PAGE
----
Upstart in "compatibility mode" (ie. justg using the old scripts) probably doesn't change much, but if you want proof for old-style init vs. an event-based one, get a PPC Mac and boot Mac OS X 10.3 and then 10.4. Don't know about Upstart, but at least OSX's launchd helped a lot. If upstart doesn't help, launchd can be adapted as well (it's Apache-licensed).

icons/user_comment.png L. d. wrote: (8 years ago)

Please no lauchd... All other distributions are switching to upstart. If replacing SysVinit please the same solution for all distributions and it currently looks good for upstart since all major distributions are switching to it.

icons/user_comment.png . . wrote: (8 years ago)

Nico Schottelius wrote (Debian mailing list):

---

I think seperating the bootup phase ("startup reliable and fast") from the normal running phase ("events are triggered") is important:

An event system (like udev/hal) has to be very smart and provide good interfaces to other systems (like UIs, logging, etc.).

An init system on the other hand should imho be as dumb as possible (providing a fast and reliable startup) and provide simple APIs to change the status of a service.

---

icons/user_comment.png . . wrote: (8 years ago)

For the booting stage openSUSE uses an extra /etc/init.d/boot.d

This indicates the booting stage is easy delimitable.

Using two different tools for two different purposes would widen general acceptance in use.

And probably this would unclutter upstart from all special booting cases.

icons/user_comment.png C. J. wrote: (8 years ago)

This feature-request is another good example how pure pig-headedness determines what features get actually included and don't.

Here we have a useful feature, the merits of which all other major distributions have long since seen, and our friend coolo just _does_not_care_.

While dangerous and de-motivating nonsense like KDE-preselection on install does get voted through without second thoughts.

I'm frankly despairing a bit about openSUSE management these days.

icons/user_comment.png S. K. wrote: (8 years ago)

for someone not caring I comment a lot in here, no? For someone who's looking for arguments, you're pissing a lot on others doing the actual work. Did I block a patch from you? Not afaik.

icons/user_comment.png C. J. wrote: (8 years ago)

Your  comments were:

1) why do you think it would be faster or more efficient? where do you see the gain?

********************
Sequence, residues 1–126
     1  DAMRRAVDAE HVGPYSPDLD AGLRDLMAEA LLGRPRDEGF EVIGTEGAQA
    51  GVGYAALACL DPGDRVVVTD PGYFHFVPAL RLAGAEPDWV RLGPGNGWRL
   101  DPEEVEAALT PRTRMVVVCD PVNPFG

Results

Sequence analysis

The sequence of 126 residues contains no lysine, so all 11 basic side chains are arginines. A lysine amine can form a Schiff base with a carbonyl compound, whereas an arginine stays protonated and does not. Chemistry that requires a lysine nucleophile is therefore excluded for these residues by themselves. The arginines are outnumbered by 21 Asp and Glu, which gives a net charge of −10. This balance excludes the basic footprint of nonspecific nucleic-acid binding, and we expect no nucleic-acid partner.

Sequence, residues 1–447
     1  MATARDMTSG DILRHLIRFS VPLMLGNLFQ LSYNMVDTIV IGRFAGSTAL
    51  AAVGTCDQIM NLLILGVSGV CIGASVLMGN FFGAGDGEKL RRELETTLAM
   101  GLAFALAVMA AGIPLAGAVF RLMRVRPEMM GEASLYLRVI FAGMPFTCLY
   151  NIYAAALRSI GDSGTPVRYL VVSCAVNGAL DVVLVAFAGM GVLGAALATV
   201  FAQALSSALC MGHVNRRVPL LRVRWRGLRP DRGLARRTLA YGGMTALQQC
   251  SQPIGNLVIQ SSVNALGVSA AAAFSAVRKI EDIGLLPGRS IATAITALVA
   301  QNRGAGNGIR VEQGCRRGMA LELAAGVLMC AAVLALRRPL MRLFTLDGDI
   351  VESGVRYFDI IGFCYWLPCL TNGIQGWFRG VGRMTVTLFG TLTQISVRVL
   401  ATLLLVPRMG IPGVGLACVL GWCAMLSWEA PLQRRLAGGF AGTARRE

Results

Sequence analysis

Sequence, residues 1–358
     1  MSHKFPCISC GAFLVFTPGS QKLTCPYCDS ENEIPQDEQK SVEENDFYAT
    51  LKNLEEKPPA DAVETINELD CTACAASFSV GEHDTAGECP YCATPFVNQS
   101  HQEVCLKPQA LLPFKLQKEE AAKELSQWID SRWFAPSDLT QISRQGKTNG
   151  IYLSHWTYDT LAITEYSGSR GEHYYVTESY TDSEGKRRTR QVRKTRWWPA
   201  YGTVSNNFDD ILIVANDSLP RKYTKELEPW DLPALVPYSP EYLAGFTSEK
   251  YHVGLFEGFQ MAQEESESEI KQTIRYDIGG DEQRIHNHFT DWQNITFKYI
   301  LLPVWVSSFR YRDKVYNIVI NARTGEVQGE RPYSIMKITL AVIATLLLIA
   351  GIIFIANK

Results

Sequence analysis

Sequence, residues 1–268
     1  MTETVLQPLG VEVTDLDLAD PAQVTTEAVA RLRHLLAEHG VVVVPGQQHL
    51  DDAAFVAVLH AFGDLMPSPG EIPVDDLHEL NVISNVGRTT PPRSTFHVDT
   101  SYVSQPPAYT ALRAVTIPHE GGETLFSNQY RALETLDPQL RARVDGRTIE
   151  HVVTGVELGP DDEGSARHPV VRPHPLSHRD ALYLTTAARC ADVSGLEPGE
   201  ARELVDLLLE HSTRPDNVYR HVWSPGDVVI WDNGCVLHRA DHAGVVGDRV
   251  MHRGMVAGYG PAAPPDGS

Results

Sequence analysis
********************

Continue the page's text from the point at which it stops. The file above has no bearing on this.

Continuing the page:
2) still looking for a volunteer to prove that it changes anything

and then, all of a sudden:

3) oh, we will switch too (not all of debian's reasons apply to us, but some important ones). But not in 11.2 timeframe.

That was obstruction until obvioulsy someone else seems to have given the whole thing a 'go'. That does not count as 'caring' about the issue.

When the openSUSE project started out, I was enthused, did a lot of beta-testing and contributed a bit, as far as non-programmers can. But slowly the typical answer that I received when filing bugs got to me: "WONTFIX".

The habitual stance of openSUSE staff seems to be 'why? we don't need that' and this (and of course the whole story of the so-called 'feature request' "make KDE king") has really, really pissed me off. So don't get holy with me.

icons/user_comment.png S. K. wrote: (8 years ago)

"openSUSE staff"? You really understood how open source projects work I figure

icons/user_comment.png C. J. wrote: (8 years ago)

Yes, you're right; I unfairly took out my frustration on you. I no doubt wanted to see some behaviour resembled here that I resented some time back.

icons/user_comment.png C. J. wrote: (8 years ago)

@coolo: It would do you good to read c't from time to time:

Schneller booten mit Upstart

icons/user_comment.png S. K. wrote: (8 years ago)

I'm afraid the author is a journalist not an engineer. Already the tag line "
Ein Großteil der Bootzeit heutiger Linux-Systeme geht für die Systeminitialisierung und den nicht-parallelisierten Start Dutzender von Daemons drauf." -> wrong, openSUSE boots parallel since 8.2. Just because ubuntu didn't before upstart, doesn't mean switching to upstart will gain anything.